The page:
Therefore there is no actually existing entity of the kind X.
I shall call [these kind of] arguments ‘Gagarin arguments’.

For, as the reader will recall, when Yuri Gagarin hurtled above the Earth in his little space-ship, he triumphantly radioed down to the Soviet state that there was no God to be seen up in space.

In certain circles, if one points out that materialism cannot explain everything, one is accused of being a ‘mysterian’. This is hardly an ‘accusation’, however. Contrary to many of our most celebrated contemporaries, science is not an ideology which states that everything is made of matter. Science is a method of inquiry into the mystery of Being. The true scientist has an open mind. And of course I am entirely pro-science. Science is exciting because it may take us (and often has) to completely unexpected new realms. We should not regret having mysteries to solve, for, if you forbid mysteries, then no-one will ever again discover anything.


On the other hand, science (like any other human activity) has its limitations. The Sufis tell a tale of Nasruddin, seen in his front garden one morning, scrabbling about in the sand. His neighbour, walking up the street, pauses at his front fence and asks: ‘Nasruddin! Have you lost something?’ ‘Yes,’ he replies, ‘my very precious ring – you know, the one my father left me.’ The neighbour joins in his search, and now there are two of them scrabbling about in the sand of the front garden. Time passes and eventually the neighbour straightens his back with an ‘Ouch!’ ‘Nasruddin,’ he says, ‘are you sure it was here that you lost it?’ ‘Oh no,’ says Nasruddin, ‘ I lost it in the front hall.’ ‘Well, why are you looking for it out here?’ ‘There’s more light here.’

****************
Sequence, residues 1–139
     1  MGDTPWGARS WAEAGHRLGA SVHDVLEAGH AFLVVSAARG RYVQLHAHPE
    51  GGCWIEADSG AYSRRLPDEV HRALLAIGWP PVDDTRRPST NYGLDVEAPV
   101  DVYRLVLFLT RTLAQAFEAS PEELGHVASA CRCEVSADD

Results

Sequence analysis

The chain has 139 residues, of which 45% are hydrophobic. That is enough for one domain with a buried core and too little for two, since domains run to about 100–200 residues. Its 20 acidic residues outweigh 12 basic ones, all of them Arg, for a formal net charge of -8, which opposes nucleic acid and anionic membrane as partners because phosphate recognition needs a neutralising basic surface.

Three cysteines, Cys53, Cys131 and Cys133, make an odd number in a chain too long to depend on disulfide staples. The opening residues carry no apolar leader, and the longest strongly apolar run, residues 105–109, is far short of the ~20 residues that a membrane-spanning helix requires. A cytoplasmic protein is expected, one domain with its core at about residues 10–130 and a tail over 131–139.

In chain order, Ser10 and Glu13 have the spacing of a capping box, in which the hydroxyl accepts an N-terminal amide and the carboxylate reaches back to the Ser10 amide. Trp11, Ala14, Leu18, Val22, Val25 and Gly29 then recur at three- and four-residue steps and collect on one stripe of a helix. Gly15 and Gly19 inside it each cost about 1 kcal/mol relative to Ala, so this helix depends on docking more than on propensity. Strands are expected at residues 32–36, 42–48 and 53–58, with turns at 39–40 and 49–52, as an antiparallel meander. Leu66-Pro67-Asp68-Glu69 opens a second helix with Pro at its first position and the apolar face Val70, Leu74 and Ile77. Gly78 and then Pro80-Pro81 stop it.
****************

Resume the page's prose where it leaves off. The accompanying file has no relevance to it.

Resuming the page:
Science can search only where its tools can operate. But what if that’s not the right place at all?

Patricia Churchland claims that science ‘has empirically demonstrated that only physical things and events exist.’ This is absurd. It is like someone who, after dredging the oceans with a net that has a quarter-inch mesh, declares that ‘Science has empirically demonstrated that only fish larger than a quarter of an inch exist.’